Sony Pictures has said it is "actively surveying alternatives" to release the controversial film, The Interview, on another platform, after US President Barack Obama criticised the firm saying the studio had "made a mistake" by pulling the movie.

In a statement, quoted by Sky News, the company said it had "no choice" but to pull The Interview, as cinema chains across the US had backed away from showing the film, which depicts a plot to assassinate North Korean leader Kim Jong-Un.

"Without theatres, we could not release it in the theatres on Christmas Day," Sony said.

"We had no choice."

The company added that it has only cancelled the Christmas day release, and could release it on another platform.

"It is still our hope that anyone who wants to see this movie will get the opportunity to do so," Sony said.

In an interview with CNN, Sony's chief executive Michael Lynton also defended the company's decision, saying the president, the media and the public "are mistaken as to what actually happened".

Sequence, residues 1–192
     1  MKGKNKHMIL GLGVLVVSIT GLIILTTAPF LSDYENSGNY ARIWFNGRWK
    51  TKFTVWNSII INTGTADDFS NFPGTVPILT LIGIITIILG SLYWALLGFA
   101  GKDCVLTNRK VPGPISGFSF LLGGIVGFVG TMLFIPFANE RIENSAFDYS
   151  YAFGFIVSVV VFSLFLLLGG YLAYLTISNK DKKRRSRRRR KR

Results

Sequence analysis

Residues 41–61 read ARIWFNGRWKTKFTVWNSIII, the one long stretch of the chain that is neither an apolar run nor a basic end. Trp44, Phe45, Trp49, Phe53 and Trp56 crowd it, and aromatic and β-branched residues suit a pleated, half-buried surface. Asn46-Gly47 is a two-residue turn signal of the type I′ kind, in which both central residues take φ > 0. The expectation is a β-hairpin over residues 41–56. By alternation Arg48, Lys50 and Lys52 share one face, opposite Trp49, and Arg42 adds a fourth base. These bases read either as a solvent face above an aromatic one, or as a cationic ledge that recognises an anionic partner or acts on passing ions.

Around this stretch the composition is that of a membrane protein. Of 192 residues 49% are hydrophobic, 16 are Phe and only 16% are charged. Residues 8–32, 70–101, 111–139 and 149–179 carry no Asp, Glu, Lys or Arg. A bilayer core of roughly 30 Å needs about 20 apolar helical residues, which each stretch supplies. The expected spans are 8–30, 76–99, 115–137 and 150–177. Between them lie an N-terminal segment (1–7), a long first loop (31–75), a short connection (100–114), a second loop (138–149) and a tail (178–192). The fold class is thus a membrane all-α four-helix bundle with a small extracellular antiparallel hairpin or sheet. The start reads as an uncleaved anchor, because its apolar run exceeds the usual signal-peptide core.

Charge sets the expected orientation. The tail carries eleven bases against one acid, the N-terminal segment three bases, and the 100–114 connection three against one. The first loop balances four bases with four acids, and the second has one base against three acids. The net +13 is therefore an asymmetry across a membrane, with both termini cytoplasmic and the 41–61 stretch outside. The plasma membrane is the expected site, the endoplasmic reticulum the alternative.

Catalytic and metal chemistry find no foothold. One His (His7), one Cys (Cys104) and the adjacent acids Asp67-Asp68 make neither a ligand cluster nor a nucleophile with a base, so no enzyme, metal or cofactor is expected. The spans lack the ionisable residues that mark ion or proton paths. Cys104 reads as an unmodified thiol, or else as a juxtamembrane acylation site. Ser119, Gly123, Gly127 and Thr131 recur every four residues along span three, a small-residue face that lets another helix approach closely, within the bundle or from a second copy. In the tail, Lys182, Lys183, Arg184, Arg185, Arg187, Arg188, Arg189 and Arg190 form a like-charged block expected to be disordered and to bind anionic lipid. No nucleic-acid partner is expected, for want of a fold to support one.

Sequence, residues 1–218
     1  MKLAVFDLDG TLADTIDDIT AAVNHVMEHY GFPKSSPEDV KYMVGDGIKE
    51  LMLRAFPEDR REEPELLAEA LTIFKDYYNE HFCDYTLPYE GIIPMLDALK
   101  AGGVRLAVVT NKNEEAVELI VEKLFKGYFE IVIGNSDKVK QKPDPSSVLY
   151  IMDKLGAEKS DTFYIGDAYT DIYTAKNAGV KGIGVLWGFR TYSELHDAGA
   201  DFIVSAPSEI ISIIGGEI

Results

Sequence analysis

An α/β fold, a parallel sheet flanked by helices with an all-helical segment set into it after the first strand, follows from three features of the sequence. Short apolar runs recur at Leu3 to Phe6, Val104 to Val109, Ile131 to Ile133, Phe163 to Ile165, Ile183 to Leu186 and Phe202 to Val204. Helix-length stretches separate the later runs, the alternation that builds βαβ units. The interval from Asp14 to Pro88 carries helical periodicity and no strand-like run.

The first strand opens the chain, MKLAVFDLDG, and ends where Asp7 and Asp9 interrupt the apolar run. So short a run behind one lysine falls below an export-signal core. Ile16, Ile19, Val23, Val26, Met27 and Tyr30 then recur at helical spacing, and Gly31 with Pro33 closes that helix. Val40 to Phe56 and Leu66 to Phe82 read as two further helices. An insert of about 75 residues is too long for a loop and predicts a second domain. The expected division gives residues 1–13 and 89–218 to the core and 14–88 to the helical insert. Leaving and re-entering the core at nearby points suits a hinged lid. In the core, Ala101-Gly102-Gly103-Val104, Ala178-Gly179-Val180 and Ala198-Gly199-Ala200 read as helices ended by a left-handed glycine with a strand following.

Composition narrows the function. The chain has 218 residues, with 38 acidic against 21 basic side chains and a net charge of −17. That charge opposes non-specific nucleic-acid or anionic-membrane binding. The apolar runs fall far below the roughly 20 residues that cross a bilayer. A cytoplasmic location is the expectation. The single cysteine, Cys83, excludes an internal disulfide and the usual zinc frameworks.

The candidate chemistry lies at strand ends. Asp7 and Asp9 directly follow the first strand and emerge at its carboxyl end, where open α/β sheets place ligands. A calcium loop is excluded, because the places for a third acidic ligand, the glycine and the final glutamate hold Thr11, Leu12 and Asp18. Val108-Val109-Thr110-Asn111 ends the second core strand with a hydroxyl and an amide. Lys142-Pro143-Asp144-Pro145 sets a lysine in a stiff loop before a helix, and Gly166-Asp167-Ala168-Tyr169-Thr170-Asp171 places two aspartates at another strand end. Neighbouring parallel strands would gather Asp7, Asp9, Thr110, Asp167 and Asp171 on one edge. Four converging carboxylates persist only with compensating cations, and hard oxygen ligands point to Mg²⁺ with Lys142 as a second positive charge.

"We have not caved, we have not given in, we have persevered and we have not backed down," Lynton said.

"We have always had every desire to have the American public see this movie."

After the FBI officially named the North Korean government behind the sophisticated attack, Obama said Sony Pictures had "made a mistake" by deciding to cancel the release of the movie.

"I wish they had spoken to me first," the president said.

"We cannot have a society in which some dictatorship someplace can start imposing censorship."

Lynton in the interview noted that he had personally talked to senior advisers at the White House, who were "certainly aware of the situation".